The effects of malnutrition on secretory and cellular immune processes

CRC Critical Reviews in Food Science and Nutrition
R R Watson, D N McMurray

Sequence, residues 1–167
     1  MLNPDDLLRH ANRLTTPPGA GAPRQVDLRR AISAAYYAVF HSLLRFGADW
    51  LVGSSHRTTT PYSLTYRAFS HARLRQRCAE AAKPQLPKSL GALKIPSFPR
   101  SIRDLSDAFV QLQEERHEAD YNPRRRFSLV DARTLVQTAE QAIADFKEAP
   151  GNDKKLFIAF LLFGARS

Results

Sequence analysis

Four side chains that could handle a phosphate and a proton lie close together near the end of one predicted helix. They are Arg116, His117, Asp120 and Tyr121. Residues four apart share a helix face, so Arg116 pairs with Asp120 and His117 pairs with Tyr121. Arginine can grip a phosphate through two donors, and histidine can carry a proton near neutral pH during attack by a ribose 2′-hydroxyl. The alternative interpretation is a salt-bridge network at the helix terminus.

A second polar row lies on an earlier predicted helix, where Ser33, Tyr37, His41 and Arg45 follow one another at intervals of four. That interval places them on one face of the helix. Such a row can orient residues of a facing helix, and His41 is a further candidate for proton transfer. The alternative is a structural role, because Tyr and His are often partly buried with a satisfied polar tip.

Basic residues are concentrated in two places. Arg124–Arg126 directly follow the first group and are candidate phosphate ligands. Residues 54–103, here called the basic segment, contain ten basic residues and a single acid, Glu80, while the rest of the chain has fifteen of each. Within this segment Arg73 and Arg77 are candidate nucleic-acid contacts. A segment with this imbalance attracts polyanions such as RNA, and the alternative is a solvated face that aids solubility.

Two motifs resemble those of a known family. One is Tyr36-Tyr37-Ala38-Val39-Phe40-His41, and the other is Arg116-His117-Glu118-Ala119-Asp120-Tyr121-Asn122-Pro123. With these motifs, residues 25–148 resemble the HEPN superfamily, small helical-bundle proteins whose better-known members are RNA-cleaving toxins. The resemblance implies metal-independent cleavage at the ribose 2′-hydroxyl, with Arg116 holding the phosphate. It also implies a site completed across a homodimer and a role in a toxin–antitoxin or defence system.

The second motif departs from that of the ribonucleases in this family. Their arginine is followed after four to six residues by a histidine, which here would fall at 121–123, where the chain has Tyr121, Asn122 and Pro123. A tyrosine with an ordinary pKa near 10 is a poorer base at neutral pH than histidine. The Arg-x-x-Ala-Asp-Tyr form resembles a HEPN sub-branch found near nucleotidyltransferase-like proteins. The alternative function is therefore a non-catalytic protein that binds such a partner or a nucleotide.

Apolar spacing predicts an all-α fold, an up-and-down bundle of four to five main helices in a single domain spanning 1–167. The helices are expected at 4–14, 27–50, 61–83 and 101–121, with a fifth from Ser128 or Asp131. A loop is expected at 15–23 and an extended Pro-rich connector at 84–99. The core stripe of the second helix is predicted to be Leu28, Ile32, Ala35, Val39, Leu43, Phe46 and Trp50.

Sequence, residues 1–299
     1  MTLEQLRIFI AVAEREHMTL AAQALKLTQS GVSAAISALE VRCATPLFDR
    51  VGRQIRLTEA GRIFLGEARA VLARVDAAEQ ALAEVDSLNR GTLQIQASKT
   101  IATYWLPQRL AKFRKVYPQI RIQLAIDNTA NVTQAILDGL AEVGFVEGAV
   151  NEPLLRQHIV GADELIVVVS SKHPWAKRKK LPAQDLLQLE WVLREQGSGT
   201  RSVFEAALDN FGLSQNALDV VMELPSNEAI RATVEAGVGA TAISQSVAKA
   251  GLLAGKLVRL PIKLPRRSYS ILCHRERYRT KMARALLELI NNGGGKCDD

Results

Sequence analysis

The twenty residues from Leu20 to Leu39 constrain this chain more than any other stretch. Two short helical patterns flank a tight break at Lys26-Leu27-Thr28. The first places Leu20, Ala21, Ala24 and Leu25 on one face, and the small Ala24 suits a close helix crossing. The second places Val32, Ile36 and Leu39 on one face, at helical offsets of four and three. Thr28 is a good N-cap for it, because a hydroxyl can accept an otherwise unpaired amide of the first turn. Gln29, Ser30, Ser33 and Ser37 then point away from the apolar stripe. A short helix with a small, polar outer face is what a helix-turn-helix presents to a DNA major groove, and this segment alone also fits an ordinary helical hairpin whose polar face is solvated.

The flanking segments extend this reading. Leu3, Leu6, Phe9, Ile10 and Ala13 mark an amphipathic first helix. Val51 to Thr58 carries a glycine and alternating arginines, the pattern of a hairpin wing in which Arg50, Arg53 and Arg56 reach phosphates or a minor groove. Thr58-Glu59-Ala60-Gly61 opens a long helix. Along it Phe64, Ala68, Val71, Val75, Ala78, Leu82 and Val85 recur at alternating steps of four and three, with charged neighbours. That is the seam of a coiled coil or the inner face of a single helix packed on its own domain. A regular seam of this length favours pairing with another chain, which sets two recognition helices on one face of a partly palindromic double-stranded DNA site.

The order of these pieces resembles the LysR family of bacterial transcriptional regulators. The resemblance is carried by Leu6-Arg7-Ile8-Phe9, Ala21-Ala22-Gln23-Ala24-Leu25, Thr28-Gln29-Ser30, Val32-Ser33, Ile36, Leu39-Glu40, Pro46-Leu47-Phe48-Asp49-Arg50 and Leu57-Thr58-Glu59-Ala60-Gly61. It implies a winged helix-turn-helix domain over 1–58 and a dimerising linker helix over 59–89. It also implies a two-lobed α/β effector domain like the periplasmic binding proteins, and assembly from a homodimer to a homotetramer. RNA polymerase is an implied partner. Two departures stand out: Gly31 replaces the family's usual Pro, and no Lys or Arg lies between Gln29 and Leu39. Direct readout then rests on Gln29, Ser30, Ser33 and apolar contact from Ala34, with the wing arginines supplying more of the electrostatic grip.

About 15 million children under 5 years of age die each year due to suppressed immunity and the resulting increased infection. In severely malnourished children and animals some immune systems such as T-cell function, secretory IgA and complement are significantly suppressed. Other systems, such as the serum IgG or IgA, are normal or even elevated. Some of these changes are apparently caused by nutritional stress while others may be due to stimulation by increased incidence of infection and antigen load. On the other hand, marginal malnutrition stimulates increased phagocytosis and T-cell function with increased immunity to cancer but decreased resistance to certain microbial agents. The mechanisms of immune suppression by malnutrition, persistence of these effects after renutrition, and the effect of maternal malnutrition on newborn immunity are critically reviewed. Possible non-nutritional means of rapid immunological restoration of malnourished children are described.


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